Over the years, the case of Edith Thompson and Frederick Bywaters has inspired numerous books—both fiction and nonfiction. In this definitive exploration of the case, Patrick turns his abilities as a novelist to a tale that’s too shocking to be anything but true. The murder of Edith’s husband by her lover Frederick captivated British newspapers and readers in the early 20th century. This thrilling book explores both the case itself and the strange legal case that eventually led Edith to the gallows.
Willie Pickton and the Vancouver pig farm. That phrase alone may be enough to strike fear into the hearts of most true crime aficionados. Gary C. King unveils the true depths of Pickton’s depravity in this essential, yet shockingly little read true crime classic. Warning: This one is only for those with a strong stomach.
Under the Banner of Heaven
This gripping read from Into Thin Air author Jon Krakauer is perhaps one of the finest true crime books of the last 20 years. Ron and Dan Lafferty, two brothers who subscribed to a fundamentalist sect of Mormonism, believed they were called by God to murder their sister-in-law and her infant daughter. Krakauer unpacks their motivation for these horrific crimes by recounting history of Mormonism. By blending history and true crime, Krakauer makes this book unputdownable.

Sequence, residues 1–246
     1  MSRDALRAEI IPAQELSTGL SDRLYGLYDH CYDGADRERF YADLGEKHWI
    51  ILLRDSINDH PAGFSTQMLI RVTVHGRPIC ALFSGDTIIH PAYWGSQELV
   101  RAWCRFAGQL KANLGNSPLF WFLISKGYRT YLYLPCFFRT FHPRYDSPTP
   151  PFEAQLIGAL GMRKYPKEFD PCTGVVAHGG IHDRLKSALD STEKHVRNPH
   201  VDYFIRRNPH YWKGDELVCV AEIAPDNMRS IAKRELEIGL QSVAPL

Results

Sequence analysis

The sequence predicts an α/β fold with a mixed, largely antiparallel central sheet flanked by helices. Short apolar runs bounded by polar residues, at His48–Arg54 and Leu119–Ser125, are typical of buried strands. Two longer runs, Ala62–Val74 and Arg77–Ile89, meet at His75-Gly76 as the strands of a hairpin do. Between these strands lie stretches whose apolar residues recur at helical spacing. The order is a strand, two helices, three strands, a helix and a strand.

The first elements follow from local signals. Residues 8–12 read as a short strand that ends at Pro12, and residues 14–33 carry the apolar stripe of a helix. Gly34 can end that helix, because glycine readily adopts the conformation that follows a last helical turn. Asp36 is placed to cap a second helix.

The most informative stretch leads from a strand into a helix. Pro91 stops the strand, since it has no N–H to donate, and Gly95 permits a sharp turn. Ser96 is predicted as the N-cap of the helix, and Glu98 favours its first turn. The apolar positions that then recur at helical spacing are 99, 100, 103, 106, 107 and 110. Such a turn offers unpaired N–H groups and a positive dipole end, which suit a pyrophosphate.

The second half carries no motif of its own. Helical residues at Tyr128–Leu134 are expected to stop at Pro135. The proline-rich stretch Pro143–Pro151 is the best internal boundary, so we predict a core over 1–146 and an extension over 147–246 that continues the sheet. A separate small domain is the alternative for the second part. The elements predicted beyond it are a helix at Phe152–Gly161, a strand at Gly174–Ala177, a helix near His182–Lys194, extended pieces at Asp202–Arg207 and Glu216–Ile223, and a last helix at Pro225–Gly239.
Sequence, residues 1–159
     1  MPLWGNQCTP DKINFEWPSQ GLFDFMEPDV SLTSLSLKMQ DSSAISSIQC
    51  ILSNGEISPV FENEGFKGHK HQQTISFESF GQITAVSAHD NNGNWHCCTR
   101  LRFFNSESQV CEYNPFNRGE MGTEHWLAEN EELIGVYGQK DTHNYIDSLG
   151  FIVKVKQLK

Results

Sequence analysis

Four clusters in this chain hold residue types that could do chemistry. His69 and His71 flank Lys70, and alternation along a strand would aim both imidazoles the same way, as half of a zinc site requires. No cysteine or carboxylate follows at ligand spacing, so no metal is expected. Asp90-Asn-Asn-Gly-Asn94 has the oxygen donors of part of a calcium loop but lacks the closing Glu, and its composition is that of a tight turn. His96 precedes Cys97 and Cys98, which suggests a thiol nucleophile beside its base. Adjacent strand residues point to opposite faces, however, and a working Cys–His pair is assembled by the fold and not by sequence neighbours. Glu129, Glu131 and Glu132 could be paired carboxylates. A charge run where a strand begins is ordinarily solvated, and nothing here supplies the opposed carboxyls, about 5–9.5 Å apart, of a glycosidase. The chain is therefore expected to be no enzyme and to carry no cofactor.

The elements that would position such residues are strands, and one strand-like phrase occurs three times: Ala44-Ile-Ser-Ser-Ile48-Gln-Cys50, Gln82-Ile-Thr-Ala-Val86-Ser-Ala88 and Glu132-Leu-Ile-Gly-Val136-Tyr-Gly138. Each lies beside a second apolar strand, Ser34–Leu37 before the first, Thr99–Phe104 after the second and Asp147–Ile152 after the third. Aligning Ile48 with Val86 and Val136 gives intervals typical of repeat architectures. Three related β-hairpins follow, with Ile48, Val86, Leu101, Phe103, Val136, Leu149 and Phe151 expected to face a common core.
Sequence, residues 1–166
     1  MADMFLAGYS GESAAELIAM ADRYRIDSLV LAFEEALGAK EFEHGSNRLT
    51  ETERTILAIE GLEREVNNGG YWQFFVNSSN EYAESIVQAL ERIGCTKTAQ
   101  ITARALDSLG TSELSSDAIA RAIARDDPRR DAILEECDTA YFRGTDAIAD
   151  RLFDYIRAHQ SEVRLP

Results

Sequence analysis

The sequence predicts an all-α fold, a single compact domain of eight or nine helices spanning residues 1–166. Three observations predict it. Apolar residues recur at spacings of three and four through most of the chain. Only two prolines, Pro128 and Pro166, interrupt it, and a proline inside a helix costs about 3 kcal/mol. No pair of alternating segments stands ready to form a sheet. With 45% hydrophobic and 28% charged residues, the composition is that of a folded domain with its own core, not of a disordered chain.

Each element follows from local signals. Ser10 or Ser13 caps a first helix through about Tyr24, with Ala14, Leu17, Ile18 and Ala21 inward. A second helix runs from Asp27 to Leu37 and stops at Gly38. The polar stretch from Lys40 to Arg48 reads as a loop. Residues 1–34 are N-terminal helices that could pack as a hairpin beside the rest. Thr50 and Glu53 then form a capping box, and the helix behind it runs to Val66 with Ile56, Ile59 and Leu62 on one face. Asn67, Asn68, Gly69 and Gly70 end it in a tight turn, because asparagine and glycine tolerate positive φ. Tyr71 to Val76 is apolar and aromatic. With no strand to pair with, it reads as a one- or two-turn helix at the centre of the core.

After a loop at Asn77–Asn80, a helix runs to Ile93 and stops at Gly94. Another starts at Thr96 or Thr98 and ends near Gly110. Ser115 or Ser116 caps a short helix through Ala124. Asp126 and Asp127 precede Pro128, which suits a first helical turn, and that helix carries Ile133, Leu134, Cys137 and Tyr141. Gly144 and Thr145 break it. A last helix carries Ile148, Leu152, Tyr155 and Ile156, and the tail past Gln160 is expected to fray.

When Susie Newsom and Tom Lynch got divorced in 1981, a cutthroat battle for custody over their two sons began. But that was just the beginning of this insane story of murder and revenge, where the intersection of three families resulted in the deaths of nine people. In this forgotten true crime classic by Jerry Bledsoe, the complex web of family ties and desperate need to exact revenge bubbles over into a horrifying, shocking conclusion.
The Darkest Night
Ron Franscell could never forget the night when two young girls were abducted, tortured, and brutalized in his hometown of Casper, Wyoming—with only one surviving to tell the tale. Years later, in true crime book The Darkest Night, Franscell returned to that fateful day in 1973 to revisit the heinous crimes that rocked a small town to its core.